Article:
Interpreting the new Ofsted Framework: 10 educational challenges, part 7
A new Ofsted inspection framework is here, which means some big changes for educators – including how they use EdTech in their classrooms.
Level: Primary & Secondary
As of 2019, Ofsted is changing its inspection methodology. Gone is its “one-size fits all” approach to school inspections. Ofsted’s aim is to find and review accurate, actionable data on what actually occurs in classrooms.
Ofsted’s new criteria, in effect from September 2019, seeks to establish a gap between the “bad data” collection of the past and “good data”.
What is meant by that? “Bad Data” refers to simply collecting statistics based on old performance metrics. Some commentators have dubbed this “national accounting”, and say it doesn’t really provide a nuanced view of student’s progress, outcomes, and the teaching environment as a whole.
“Good data” then is a more balanced, almost holistic, view, taking into account students’ strengths, weaknesses, and progress paths.
However, this is harder to measure fail/pass terms than the old, criteria-led Ofsted inspection approach. Real-time assessment is now required, which can only really be achieved by the use of suitable technology.
Using of digital technologies to deliver quality teaching and engaging education is becoming vital in the modern classroom.
While the impact of EdTech in schools is not measured by Ofsted, it can still be used to improve the overall quality of education students receive.
One aspect of EdTech that can provide tangible results for Ofsted inspectors is Virtual Learning Environments (VLEs). For those unfamiliar with VLEs, they are tools to structure, manage, and deliver learning activities and content. Some can be single solutions, such as Blackboard or Moodle, while others are composed of multiple integrated educational products in a single suit.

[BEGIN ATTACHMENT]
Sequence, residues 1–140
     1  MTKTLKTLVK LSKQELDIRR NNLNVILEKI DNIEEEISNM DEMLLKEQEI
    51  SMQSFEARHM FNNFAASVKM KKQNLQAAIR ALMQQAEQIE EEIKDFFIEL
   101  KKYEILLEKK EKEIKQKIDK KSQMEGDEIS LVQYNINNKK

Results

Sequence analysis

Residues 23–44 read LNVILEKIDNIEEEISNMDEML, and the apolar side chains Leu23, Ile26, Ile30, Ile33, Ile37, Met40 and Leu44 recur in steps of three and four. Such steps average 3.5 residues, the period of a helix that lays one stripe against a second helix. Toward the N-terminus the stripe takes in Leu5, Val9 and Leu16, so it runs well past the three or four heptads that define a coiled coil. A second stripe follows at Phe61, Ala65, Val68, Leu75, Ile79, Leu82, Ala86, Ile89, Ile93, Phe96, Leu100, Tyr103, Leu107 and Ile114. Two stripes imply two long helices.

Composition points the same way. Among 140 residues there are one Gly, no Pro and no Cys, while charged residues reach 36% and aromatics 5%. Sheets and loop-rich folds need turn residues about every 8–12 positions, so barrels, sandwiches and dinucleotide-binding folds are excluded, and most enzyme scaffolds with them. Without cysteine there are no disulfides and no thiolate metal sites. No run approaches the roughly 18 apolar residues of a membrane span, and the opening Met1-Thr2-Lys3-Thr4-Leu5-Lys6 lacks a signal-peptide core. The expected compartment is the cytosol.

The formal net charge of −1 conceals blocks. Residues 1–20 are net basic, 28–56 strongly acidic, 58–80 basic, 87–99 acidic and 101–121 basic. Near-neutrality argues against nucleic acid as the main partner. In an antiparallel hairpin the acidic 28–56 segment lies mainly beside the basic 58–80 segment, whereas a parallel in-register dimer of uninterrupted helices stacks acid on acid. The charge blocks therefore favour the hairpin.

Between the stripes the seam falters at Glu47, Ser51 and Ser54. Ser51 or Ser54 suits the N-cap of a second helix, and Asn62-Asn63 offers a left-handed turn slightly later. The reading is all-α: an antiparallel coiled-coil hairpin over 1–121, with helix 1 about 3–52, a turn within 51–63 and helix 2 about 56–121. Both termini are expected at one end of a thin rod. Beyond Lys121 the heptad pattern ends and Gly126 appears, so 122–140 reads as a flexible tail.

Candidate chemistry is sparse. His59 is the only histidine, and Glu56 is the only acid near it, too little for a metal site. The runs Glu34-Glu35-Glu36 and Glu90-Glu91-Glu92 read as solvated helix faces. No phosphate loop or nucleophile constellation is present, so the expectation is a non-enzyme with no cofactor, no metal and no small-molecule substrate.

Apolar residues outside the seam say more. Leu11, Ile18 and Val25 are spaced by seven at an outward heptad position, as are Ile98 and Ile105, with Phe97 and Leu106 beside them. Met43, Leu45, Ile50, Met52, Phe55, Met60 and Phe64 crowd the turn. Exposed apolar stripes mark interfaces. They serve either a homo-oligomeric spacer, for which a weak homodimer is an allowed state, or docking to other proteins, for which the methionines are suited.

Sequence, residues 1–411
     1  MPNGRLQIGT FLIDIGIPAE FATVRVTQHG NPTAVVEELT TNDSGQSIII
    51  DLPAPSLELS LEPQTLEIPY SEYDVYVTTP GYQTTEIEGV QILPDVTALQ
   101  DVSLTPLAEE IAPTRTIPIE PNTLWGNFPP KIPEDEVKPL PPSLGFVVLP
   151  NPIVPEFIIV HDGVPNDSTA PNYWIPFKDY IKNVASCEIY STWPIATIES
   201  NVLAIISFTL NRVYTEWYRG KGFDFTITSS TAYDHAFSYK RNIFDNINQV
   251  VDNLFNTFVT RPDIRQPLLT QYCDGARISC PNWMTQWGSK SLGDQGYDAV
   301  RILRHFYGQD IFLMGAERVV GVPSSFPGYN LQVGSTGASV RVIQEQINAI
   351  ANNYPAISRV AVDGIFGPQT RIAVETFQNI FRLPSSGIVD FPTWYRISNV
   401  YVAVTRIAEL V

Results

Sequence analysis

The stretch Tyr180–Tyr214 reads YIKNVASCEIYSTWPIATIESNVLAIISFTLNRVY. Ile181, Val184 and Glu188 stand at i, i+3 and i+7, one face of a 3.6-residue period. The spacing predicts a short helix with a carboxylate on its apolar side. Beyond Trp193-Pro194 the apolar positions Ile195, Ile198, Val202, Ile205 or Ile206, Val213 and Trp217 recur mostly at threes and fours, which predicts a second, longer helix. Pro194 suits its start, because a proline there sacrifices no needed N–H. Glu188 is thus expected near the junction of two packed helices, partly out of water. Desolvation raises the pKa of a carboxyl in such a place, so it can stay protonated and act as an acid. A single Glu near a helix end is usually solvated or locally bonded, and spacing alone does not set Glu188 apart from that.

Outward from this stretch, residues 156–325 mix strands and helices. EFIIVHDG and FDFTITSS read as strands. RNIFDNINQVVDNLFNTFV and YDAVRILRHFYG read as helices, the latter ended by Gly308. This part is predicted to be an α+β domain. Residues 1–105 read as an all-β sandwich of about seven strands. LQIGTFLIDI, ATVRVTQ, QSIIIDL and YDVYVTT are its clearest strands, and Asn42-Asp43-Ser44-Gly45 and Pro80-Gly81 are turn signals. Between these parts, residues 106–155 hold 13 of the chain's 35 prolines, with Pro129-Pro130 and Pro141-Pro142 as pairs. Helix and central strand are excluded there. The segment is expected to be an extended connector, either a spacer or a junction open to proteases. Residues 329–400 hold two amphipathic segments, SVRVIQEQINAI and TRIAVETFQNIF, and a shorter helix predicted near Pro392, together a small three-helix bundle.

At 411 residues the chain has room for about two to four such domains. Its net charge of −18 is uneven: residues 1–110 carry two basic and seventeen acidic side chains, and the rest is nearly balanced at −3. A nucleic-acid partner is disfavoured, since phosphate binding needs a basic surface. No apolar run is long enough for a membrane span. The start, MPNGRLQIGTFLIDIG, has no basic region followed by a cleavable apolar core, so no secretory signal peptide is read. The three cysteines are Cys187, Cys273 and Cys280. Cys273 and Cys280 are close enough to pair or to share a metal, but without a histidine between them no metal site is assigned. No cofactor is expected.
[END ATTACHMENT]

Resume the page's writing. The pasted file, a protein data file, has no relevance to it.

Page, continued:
In this context, VLEs can help compile actual actionable, insightful data based on real learning outcomes from real students. Student work is often collated digitally with VLEs, which provides a database to dip into and analyse to see learning effectiveness. This will be key in Ofsted formulating school ratings, especially in an environment where ratings levels are becoming tighter.
EdTech, when properly used, can play a very big role in providing a quality teacher experience. This is what Ofsted is ultimately measuring after all.
The key, however, is not to let EdTech overtake or replace traditional teaching methods. Rather, it should enhance and upgrade teachers and education leaders’ ability to engage with their students in a productive, outcome-friendly manner.
Remember to keep checking into Bett for more information on how EdTech is helping educators at all levels beat the modern world’s unique educational challenges.
Bett is the first industry show of the year in the education technology landscape, bringing together 800+ leading companies, 103 exciting new edtech start ups and over 34,000 attendees from the global education community.
Location & Opening times:
ExCeL London, Royal Victoria Dock, 1 Western Gateway, London E16 1XL, United Kingdom.
Wed 22nd January, 10:00 - 18:00
Thu 23rd January, 10:00 - 18:00
Fri 24th January, 10:00 - 18:00
Sat 25th January, 10:00 - 15:00